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Most of what Google plans to do in the near and distant future was made public at the I/O 2016 event. One of the more interesting unveilings Google made then was during a session named ‘Coming to a Chromebook near you’ and it stated that the Google Play Store would arrive on Chromebook sometime this summer. This basically means that Google will grant Chromebook full access to the Android Apps catalog.

Chrome OS hasn’t really made its mark in the computing world. If one could describe it in any way it would be that it’s a very simple, cheap and easy to use operating system. It boots up fast, it’s speedy and it doesn’t drain the battery as much as the other phone OSs. It’s also lighter and more focused to the web than OS X or Windows 10, so it’s not that useful for certain professional categories.

Given these aspects, it’s quite an achievement to add support for Android applications via Google Play and it implies that more changes are to come for the Chrome OS platform.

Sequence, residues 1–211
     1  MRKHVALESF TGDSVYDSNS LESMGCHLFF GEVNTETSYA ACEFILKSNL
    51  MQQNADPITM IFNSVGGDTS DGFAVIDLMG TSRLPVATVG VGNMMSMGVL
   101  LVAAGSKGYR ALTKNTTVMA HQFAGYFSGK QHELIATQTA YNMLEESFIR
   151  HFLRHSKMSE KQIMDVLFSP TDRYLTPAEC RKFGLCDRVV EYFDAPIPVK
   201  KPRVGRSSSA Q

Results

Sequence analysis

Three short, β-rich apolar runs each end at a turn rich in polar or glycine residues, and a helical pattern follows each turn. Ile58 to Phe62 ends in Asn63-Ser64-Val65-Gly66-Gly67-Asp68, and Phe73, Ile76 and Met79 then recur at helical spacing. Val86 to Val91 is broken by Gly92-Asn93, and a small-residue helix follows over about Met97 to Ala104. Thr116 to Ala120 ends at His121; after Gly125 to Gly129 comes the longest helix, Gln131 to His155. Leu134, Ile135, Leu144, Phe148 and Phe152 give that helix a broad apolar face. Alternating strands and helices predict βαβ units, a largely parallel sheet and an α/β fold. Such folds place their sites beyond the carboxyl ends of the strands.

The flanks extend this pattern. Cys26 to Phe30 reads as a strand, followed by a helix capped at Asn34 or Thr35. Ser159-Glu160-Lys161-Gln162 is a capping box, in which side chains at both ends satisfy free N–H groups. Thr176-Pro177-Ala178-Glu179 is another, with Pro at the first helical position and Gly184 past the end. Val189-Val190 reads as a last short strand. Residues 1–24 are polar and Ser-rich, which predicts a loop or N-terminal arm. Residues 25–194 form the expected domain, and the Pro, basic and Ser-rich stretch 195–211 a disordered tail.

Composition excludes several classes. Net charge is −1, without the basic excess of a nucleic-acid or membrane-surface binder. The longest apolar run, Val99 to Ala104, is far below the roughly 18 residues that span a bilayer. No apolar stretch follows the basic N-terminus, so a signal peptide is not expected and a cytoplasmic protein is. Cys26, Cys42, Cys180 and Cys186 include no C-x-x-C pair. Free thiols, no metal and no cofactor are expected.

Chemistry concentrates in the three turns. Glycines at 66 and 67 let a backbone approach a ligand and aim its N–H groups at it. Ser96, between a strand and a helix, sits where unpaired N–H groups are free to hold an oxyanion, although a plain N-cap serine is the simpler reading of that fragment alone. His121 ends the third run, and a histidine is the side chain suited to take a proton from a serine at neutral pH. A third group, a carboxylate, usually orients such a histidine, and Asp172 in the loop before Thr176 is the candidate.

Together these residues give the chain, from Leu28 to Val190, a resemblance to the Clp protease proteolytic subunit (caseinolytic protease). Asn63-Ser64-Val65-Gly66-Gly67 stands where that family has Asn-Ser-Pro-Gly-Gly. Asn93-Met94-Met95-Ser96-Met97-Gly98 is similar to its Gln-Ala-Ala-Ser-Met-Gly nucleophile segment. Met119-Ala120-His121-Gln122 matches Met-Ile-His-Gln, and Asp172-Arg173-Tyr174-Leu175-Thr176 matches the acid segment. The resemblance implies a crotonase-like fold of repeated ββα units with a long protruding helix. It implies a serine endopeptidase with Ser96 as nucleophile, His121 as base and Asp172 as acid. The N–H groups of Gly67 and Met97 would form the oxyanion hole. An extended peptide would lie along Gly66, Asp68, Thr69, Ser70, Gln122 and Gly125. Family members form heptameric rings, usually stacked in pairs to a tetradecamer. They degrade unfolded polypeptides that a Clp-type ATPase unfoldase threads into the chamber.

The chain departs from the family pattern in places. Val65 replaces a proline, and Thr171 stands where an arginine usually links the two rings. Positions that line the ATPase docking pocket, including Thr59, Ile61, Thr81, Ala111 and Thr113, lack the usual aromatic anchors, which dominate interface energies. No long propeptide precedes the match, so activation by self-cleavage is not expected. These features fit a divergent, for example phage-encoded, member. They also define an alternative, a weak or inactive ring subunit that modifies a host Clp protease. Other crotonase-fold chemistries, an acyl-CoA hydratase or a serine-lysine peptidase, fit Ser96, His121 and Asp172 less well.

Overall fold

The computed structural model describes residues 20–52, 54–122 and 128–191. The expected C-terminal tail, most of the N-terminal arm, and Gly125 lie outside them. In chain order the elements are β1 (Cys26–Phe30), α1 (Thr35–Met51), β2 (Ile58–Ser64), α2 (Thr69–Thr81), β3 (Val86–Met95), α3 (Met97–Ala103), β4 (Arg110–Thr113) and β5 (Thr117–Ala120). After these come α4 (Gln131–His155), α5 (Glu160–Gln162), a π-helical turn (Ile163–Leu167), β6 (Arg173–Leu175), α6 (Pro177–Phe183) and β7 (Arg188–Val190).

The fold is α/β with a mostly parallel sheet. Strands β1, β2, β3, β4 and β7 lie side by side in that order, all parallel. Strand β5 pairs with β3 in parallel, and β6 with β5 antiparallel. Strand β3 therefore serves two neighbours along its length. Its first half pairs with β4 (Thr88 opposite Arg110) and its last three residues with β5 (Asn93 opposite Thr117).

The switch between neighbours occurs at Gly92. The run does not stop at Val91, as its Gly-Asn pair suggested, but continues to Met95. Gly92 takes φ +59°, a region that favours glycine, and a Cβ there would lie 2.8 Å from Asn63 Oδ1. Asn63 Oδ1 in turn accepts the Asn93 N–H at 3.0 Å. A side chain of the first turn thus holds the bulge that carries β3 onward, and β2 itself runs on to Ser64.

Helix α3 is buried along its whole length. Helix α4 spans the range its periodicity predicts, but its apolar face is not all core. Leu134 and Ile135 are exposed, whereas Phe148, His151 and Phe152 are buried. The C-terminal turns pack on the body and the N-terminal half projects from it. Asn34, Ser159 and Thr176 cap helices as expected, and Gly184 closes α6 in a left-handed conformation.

In order to understand Chromebook Chrome OS keep in mind that it is completely browser based and that its applications are not whole as they usually represent a link plugin based web page that can be accessed through the browser. And it works wonderfully for Google services like Docs or Drive and many others but in other cases it offers a mediocre experience at best when compared to the fully fledged Android apps. This means that, by enabling users to access Google Play Store, it will also give them immediate access to the full functioning Android apps.

This platform was the joint creation of Google and Android and given the overall computing features of Chrome OS it’s very probable that it will run apps more smoothly than Android based devices.

The support also includes the Microsoft Office Suite for Android, Spotify and Photoshop mix. However, keep in mind that this is a Chromebook only feature and it cannot be used on the Chrome browsers for the PC client.